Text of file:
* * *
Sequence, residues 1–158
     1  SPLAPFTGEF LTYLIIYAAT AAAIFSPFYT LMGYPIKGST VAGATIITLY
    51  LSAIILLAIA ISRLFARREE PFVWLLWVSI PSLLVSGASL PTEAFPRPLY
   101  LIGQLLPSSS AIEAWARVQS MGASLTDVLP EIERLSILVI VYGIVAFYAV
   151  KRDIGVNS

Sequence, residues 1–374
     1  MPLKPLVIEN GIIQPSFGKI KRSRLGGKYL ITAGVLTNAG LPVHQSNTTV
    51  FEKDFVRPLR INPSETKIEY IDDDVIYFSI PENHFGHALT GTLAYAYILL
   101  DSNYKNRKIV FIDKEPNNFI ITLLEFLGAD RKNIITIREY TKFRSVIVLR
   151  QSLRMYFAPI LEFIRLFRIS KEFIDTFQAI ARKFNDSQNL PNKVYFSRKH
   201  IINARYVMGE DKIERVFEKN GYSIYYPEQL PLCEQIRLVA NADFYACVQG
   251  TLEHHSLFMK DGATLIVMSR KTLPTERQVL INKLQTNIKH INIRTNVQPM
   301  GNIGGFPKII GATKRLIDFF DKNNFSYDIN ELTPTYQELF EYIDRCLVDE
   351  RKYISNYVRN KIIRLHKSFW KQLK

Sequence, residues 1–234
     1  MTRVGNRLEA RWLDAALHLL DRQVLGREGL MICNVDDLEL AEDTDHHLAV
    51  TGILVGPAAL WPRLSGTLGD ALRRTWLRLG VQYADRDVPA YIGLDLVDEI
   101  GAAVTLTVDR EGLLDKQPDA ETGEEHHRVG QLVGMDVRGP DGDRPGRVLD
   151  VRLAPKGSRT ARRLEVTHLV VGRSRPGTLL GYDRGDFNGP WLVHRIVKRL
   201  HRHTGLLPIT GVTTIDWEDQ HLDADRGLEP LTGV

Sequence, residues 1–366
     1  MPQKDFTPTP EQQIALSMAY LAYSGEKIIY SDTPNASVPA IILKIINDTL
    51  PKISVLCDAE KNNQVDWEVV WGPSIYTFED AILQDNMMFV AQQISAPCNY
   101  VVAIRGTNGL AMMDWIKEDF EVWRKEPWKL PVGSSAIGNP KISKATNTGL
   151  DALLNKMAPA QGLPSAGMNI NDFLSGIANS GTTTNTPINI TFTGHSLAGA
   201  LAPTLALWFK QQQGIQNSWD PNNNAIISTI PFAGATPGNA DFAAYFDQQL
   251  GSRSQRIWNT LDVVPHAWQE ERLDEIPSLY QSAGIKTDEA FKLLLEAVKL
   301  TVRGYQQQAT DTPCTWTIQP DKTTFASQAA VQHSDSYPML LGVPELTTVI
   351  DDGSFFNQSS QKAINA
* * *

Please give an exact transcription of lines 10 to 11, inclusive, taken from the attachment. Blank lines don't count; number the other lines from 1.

   151  QSLRMYFAPI LEFIRLFRIS KEFIDTFQAI ARKFNDSQNL PNKVYFSRKH
   201  IINARYVMGE DKIERVFEKN GYSIYYPEQL PLCEQIRLVA NADFYACVQG